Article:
Nicely put. I enjoyed my Christian experience too. Though there were also negative aspects to it as well, psychologically and intellectually. There were highs and lows one might say. And like you pointed out, once you begin asking questions where do you stop?

I can't even imagine a God who would eternally condemn anyone for lacking the "will power" (as if belief were simply a matter of "will power") to believe in Christian doctrines, dogmas and ceeds.

AtheistToothFairy said...

Brother Jeff (OP) wrote:
It boils down to one thing - education. I know a lot more about the Bible now as an atheist than I did as a Christian. I know a lot more about Christian doctrines now as an atheist than I did as a Christian
----
Hi Jeff,

What you said here really hit-home.

I guess part of the reason I lost my faith in the bible god was because I asked too many question and looked too deeply into it's bowels.

The xtians in my family seem to be like the typical drivers of cars today, where they have no interest in what goes on "under the hood", as all that is important to them is that the car gets them from point A to point B. How the car was made, how it works, are unimportant to such folks.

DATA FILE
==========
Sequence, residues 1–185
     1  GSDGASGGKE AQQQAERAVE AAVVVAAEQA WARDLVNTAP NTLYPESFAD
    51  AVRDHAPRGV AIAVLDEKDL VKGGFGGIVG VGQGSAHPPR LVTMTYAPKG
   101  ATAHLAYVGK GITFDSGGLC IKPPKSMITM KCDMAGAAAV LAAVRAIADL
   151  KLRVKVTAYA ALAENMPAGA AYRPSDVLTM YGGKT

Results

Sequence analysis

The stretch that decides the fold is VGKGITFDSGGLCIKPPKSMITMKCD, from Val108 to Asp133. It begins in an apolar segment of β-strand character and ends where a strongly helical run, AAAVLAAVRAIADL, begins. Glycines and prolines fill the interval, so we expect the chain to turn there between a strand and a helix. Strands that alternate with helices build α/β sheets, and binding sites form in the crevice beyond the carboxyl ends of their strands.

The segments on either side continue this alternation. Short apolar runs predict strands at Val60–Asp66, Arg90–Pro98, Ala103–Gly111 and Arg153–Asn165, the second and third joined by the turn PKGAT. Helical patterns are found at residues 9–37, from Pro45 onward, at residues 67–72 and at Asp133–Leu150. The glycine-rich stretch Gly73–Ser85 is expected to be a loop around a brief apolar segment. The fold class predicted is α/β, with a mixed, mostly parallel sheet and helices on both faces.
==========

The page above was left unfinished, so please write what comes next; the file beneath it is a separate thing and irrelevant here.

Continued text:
For myself though, I always wanted to know how a 'thing' worked, even if that meant taking something apart that I shouldn't have as a boy.
I was never satisfied with just being told there was some-THING under that car hood that made the car go, so I had to know just how that engine worked.

The xtians in my family, place the emphasis about their god and their bible, on things like worship, fellowship and the overall 'good' feelings and assurances it provides them.